It's hard for me to even comment on Italian banks even though we are here on a visit.  But, all of the Italians we talk to say things are BAD.  One rich Italian lady friend os my wife's says she is SCARED, wants to sell here house and move to the USA (where one of her children lives).

We are in Matera now (where part of "The Omen 666" was filmed as well as biblical movies), quiet small place.  No "Compro Oro" signs, I will likely see those when we go to Taranto (Italy).  Hey!  Turns out that extreme SE Italy is very interesting!  Y'all know how to ahold of me if you want any recommendations re Italy...  

|;.!

Sun, 09/16/2012 - 12:08 | Link to Comment FreedomGuy
FreedomGuy's picture

That is actually not a bad bet. Gold not only functions as a stable and even appreciating asset currently but can be used to settle debts. If you were one of the purchasers of debt of any of these PIIGS countries I would be excited to have debt settled in gold. Given currecy depreciation expectations I might even be willing to give a discount to debts settled in gold.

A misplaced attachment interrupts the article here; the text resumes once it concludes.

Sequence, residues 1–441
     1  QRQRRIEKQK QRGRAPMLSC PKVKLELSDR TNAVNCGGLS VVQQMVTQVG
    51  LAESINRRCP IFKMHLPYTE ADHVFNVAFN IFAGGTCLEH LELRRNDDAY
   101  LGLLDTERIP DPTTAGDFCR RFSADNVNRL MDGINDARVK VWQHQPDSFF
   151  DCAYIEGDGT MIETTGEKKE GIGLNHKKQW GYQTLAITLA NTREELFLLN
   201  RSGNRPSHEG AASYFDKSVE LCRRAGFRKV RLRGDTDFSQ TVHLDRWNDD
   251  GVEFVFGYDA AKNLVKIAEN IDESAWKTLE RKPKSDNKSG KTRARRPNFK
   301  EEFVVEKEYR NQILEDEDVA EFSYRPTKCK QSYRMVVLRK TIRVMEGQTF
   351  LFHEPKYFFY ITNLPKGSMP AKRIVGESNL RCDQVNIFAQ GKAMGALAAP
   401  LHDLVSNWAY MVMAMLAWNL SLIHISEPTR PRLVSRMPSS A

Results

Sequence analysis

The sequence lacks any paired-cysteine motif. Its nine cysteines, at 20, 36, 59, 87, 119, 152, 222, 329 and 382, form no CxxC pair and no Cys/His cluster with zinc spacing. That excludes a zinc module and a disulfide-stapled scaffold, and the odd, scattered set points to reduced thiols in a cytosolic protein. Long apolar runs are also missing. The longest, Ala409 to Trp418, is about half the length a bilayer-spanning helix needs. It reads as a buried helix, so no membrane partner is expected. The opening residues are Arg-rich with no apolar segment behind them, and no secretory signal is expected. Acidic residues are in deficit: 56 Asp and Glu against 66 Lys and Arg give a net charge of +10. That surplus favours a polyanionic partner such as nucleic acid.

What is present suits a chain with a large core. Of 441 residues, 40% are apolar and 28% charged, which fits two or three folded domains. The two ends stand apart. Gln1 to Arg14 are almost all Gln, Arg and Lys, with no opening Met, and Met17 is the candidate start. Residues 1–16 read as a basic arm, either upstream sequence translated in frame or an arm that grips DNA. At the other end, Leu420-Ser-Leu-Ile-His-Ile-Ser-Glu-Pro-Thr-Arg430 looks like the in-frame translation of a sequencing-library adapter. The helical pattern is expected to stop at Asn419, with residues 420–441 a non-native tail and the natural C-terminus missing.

This is something to watch for in the near future.

Sun, 09/16/2012 - 12:59 | Link to Comment DoChenRollingBearing
DoChenRollingBearing's picture

+ 1

Yes, if I were a holder of debt in PIIGS bonds, I would very happily settle for gold instead of the bonds, and yes I would give a discount...

I wish I had the reference handy, but a few months ago I read that (purportedly) that India could offer gold to Iran for oil, and probably get away with paying a lot less gold than its current $ price.  This would be even more likely and possible if they cut Iran off from SWIFT.  Then we might see Freegold...